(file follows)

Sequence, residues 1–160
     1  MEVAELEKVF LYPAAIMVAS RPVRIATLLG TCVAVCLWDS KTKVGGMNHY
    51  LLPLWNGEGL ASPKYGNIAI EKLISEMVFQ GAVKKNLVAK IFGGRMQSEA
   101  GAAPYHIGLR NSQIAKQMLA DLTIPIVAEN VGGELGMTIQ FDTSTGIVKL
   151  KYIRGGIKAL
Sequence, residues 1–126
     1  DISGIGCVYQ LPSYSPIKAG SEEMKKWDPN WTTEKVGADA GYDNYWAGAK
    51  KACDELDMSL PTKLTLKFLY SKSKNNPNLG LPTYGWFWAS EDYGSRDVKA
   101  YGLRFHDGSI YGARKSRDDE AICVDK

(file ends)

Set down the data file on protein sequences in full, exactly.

Sequence, residues 1–160
     1  MEVAELEKVF LYPAAIMVAS RPVRIATLLG TCVAVCLWDS KTKVGGMNHY
    51  LLPLWNGEGL ASPKYGNIAI EKLISEMVFQ GAVKKNLVAK IFGGRMQSEA
   101  GAAPYHIGLR NSQIAKQMLA DLTIPIVAEN VGGELGMTIQ FDTSTGIVKL
   151  KYIRGGIKAL
Sequence, residues 1–126
     1  DISGIGCVYQ LPSYSPIKAG SEEMKKWDPN WTTEKVGADA GYDNYWAGAK
    51  KACDELDMSL PTKLTLKFLY SKSKNNPNLG LPTYGWFWAS EDYGSRDVKA
   101  YGLRFHDGSI YGARKSRDDE AICVDK